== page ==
By Ray O’Hanlon
Peter Ryan can see the road ahead.
Not literally because he is almost completely sightless.
But in his mind’s eye he knows exactly what he has to do, and how he is going to do it.
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The “it” is a place on the Irish team for the Paralympics in Rio next October.
And that road is a journey that’s going to get him there.
The journey isn’t a straight line.
It has diversions along the way, and one of them is taking Peter to New York in a few days for a fundraiser that will help him fulfil his dream.
Peter Ryan is from Thurles, County Tipperary.
At the age of 19, while playing hurling for his county, a rare infection caused him to suddenly lose almost his sight.
He has no forward vision whatsoever and just a remnant of his peripheral vision.
In percentage terms he is ninety percent sightless.
And that can be a problem when your chosen Paralympic event is tandem cycling.
It has been five years since Peter’s visual world began to grow dark, but he has come to terms with his disability.
He is also coming to terms with the demands of his new chosen sport.
Here is Peter’s story in his own words.
“Five years ago I was diagnosed with a condition called Leber hereditary optic neuropathy (LHON), which to put it simply took ninety percent of my vision in the space of nine months and changed my life forever.
“Up to that point I had lived a very regular life and things were pretty simple. I had my job, my car. Above all, I was actively involved in all sorts of sports having represented my county, Tipperary, in both hurling and football and had great hopes for the future.
“Since finding my eyesight was deteriorating, in March 2010, it’s fair to say I’ve had to learn a whole new way of living. Today, I am a twenty- four year old with only eight percent vision but with a hundred percent desire to get to the Rio Paralympics.
“I began this journey a little over a year and half ago, having probably lost two and a half years wallowing in self-pity after the initial shock of what had just happened.
“But since I have found Paralympic sport. I have a new sense of empowerment that I thought was gone forever. I have re-discovered the drive and passion that helped me become a successful young sportsman.
“After only a few months cycling, I won a national title breaking the national record. Now I have my sights set on even bigger targets. Since August, my training has taken on a truly professional approach, training six days of the week and in recent months I have really started to see the benefits of this.
“Having participated in three grueling training camps I was selected to represent my country in the world track champions in Holland. This was a huge step in the dream to get to Rio, and having come eighth in the world, the dream of winning in Rio is very much alive.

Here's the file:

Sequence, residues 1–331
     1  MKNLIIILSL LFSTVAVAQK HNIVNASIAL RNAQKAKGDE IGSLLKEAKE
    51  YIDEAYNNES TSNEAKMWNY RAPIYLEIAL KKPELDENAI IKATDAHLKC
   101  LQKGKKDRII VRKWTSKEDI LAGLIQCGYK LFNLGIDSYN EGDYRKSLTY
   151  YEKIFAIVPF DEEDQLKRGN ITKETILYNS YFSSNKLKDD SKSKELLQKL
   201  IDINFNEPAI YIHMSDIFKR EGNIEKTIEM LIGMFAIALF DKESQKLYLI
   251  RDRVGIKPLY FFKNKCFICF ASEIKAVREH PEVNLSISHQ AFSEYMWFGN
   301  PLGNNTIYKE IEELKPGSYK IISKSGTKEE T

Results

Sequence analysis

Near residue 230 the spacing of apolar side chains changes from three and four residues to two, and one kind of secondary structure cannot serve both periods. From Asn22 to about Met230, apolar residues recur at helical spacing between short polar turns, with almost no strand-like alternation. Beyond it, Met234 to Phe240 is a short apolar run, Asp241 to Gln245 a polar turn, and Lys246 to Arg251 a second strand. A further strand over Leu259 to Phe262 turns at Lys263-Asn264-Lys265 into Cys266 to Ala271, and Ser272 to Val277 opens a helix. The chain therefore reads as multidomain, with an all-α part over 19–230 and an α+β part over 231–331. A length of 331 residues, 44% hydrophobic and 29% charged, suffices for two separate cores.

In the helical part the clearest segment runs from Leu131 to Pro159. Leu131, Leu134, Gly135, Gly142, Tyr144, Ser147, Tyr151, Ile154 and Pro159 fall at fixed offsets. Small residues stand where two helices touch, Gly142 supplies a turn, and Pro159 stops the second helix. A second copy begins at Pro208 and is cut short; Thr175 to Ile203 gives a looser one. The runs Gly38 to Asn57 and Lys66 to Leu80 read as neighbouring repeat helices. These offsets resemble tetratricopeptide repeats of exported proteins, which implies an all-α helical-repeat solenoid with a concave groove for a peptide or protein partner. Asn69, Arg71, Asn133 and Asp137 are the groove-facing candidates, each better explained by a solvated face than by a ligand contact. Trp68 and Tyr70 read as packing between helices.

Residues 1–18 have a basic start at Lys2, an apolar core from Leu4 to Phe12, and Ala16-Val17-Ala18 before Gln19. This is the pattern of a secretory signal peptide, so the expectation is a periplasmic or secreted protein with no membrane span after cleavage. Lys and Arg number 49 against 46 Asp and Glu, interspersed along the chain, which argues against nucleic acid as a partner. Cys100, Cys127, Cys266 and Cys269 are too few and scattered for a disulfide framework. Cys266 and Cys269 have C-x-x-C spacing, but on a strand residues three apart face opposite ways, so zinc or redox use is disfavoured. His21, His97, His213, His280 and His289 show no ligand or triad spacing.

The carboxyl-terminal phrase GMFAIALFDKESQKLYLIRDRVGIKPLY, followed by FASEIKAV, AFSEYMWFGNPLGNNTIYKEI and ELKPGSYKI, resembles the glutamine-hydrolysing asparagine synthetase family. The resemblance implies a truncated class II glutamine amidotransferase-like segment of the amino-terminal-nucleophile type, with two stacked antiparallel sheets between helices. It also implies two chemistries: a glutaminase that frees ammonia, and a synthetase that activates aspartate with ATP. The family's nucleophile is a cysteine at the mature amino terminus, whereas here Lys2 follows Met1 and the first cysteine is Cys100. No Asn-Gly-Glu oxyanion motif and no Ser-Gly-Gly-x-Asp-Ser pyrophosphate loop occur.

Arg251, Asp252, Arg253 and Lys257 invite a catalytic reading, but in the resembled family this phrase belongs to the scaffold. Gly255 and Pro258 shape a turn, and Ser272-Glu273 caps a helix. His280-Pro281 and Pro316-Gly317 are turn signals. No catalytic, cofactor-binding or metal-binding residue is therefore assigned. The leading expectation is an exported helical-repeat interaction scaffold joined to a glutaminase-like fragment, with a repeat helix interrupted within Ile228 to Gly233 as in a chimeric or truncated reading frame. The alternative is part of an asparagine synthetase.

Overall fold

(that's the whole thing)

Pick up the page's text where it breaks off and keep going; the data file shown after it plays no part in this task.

“This journey has already changed my life so much but it is far from over. Having got this far, I know I can get to Rio. To be honest, though, I don’t want to just get there. I want to push what I can do to the limits and make the most out of this situation.
“To do that I need to up the ante, to train even harder and together with my full-sighted tandem partner, I need to participate in the highest possible level competitions and training camps during the next twelve months.
“This all costs money of course and I simply cannot get to the standard I need to without an injection of finance for the next twelve months. I appreciate that everyone has a story and all families go through their own trials and tribulations but this is my story and it’s far from finished.”
Peter’s six-day-a-week training regimen has already taken him to Rio on a familiarization program. He was recently at work with his tandem partner, his “pilot,” Sean Hahassy from Carrick-on-Suir, in Majorca, Spain.
Peter’s goal is not only to compete but to give himself a chance of medaling.
His footballing and hurling background have given a sprinter’s speed, but he is having to work on his endurance.
The training in Majorca was in a velodrome, a facility that Ireland lacks.
That’s a sore point with Peter. The Irish government had budgeted for such a facility several years ago but spending cuts saw the plan being long fingered.
Obviously a velodrome in Ireland would make training a lot easier for Peter and many others, not to mention cheaper.
The costs of getting Peter and Sean in shape for the Paralympics, and then to the games themselves, are being met in large part by family, friends and the local community.
“I am blessed. I have a good family and local community and they all got behind me early on,” Peter told the Irish Echo in a phone interview from his home in Thurles.
The fundraising effort’s next standout date will be Sunday, November 22 in New York when the “Ryan for Rio, New York Fundraising Committee” will gather at Wolfe Tone’s Pub & Irish Kitchen on 29th Street between Madison and Park in Manhattan from 3 to 10 p.m.
The committee includes familiar names including that of distance runner Tom McGrath, Mike Ryan of the Emerald Guild, and Sean McNeill, President of the Irish Business Organization.
In addition to the fundraiser, donations can be made Indiegogo.com/projects/ryan-for-rio-new-york, or by check made payable to: Peter Ryan Fund, C/O Michael Ryan, 301 Palmer Road, Yonkers, NY 10701. More details at (212)390-1688 or (914)720-7410.